Generating the real-world evidence needed to address the critical challenges facing American patients, clinicians, and other health care stakeholders can rarely be achieved within a single institution, but instead will require sharing data across multiple health care systems, for which there is little incentive. EHR vendors have little reason to ensure their technology works across systems and interfaces with competing programs, creating challenges for individual patients as well as for systems of learning. More broadly, health care systems have little financial motivation to share electronic data with one another; instead, they are often motivated to sell their data to a third-party broker. Systems may also be reluctant to share information on the grounds that transparency in health data could potentially compromise business dealings, such as ongoing payor negotiations. In the same way that EHRs are shaped around billing, health care systems are often shaped around the ideas of fiduciary duty and shareholder primacy. Any efforts to advance the state of learning health must account for these obligations and incentives.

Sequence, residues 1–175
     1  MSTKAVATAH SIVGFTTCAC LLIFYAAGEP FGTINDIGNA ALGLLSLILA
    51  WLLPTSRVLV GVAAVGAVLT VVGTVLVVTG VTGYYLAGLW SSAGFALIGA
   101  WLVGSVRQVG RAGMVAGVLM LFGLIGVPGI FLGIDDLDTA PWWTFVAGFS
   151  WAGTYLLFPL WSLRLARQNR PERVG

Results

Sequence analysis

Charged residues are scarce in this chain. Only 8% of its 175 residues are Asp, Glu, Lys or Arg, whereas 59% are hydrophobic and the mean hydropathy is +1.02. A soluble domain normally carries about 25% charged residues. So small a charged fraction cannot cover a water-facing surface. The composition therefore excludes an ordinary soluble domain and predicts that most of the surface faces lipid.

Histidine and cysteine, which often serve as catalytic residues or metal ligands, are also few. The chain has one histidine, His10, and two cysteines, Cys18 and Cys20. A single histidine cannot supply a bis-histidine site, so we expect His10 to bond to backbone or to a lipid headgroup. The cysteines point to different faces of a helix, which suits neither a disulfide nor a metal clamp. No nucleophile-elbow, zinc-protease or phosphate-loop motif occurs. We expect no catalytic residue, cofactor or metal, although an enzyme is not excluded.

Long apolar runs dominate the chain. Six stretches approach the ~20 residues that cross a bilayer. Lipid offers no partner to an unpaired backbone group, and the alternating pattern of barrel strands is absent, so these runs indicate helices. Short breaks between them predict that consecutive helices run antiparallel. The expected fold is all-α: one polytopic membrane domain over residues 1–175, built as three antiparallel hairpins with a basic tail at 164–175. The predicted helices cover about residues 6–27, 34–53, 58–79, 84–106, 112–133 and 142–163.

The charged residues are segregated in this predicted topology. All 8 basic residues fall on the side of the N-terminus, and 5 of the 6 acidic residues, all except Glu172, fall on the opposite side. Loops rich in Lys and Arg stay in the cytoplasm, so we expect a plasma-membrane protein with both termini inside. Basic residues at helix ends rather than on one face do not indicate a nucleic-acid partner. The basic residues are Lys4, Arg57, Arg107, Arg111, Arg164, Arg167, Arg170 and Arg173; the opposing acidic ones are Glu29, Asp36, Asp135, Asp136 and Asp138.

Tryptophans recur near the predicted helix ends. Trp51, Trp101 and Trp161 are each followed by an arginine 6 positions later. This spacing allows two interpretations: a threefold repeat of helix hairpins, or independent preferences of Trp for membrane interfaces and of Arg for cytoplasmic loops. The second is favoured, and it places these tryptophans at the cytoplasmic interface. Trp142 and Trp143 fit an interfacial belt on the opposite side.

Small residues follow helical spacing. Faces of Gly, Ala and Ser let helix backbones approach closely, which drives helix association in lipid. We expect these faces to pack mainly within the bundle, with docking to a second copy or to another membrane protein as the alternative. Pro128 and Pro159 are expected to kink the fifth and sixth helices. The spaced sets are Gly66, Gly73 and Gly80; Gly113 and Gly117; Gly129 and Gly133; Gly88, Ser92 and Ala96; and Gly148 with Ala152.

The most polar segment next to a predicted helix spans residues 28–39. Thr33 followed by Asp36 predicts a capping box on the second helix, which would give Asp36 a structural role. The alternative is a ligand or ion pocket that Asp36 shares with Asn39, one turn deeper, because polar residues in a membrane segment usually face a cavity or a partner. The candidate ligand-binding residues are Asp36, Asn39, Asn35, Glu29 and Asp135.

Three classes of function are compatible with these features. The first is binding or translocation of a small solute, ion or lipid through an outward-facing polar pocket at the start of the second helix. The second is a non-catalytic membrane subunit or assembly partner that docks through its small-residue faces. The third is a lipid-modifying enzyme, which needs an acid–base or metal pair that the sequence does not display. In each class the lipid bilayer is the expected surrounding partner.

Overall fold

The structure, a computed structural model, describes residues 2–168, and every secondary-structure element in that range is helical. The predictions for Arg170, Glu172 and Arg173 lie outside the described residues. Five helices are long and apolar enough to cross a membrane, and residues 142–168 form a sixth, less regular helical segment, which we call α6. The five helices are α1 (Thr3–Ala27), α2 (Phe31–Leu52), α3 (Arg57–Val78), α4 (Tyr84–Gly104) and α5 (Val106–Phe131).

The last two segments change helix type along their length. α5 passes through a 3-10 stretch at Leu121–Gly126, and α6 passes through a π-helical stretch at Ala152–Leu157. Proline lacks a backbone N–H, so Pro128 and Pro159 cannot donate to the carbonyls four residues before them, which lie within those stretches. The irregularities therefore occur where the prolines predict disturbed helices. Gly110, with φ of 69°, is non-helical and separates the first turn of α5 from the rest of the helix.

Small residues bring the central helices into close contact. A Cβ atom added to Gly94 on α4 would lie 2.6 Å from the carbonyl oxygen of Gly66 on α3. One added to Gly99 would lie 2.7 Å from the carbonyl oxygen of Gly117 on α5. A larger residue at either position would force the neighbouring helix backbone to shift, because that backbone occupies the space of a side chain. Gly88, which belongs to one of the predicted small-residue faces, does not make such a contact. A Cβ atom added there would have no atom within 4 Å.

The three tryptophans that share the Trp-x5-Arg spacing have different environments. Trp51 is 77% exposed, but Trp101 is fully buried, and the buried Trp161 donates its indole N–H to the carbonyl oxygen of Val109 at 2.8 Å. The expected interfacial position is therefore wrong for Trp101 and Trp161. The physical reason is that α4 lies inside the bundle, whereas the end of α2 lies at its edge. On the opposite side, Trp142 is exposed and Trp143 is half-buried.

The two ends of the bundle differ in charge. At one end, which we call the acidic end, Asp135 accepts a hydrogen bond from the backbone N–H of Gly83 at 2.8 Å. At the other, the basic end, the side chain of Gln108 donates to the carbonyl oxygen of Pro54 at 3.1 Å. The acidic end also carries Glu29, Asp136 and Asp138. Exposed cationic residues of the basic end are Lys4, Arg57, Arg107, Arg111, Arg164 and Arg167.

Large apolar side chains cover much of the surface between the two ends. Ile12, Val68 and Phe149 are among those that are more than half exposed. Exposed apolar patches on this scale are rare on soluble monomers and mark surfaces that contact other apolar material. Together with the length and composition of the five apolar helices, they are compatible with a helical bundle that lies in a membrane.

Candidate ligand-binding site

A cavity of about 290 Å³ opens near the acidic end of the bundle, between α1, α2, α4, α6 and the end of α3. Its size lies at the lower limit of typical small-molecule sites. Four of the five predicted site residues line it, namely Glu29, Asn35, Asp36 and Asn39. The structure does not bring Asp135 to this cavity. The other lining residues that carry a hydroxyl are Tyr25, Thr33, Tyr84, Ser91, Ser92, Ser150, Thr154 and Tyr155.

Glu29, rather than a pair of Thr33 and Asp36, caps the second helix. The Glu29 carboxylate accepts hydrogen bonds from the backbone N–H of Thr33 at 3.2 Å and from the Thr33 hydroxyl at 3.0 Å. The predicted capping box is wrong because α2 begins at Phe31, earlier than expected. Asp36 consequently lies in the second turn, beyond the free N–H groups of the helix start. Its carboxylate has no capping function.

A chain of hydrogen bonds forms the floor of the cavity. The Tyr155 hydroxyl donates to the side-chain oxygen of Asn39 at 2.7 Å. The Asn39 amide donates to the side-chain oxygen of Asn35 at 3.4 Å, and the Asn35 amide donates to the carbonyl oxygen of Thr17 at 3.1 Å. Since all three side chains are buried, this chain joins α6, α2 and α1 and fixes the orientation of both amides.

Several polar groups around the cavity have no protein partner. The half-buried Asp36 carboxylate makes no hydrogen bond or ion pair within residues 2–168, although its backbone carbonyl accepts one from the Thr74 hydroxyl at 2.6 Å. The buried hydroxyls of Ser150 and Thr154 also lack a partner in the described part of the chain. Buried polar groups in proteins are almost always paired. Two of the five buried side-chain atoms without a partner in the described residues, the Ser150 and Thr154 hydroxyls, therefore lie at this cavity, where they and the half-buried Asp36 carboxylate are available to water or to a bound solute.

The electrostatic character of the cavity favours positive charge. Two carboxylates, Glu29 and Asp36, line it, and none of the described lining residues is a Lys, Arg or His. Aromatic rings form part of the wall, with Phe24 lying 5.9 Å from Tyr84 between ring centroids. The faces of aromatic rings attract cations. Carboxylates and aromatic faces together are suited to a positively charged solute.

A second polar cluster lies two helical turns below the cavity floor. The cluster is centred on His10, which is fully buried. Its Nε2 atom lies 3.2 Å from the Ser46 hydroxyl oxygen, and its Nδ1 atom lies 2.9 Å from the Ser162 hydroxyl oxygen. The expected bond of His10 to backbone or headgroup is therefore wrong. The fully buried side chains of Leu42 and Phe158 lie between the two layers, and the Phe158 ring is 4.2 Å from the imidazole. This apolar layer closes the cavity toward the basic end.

In addition, despite the fact that the vast majority of Americans express the desire to have their health data used to advance knowledge, we have collectively failed to develop a convincing paradigm for broad participation and data sharing at the level of the individual person in the context of routine health care delivery. Concerns about privacy and confidentiality continue to dominate public discussions, and the lack of agreement on data sharing even among third parties who have secured access to patient data remains a significant barrier. Clear delineation of the reciprocal obligations of those who benefit from data access is lacking in a manner that not only ensures sufficient privacy and confidentiality but also encourages data sharing in a sufficiently widespread manner to allow a far more expansive ability to secure much needed answers to common clinical questions.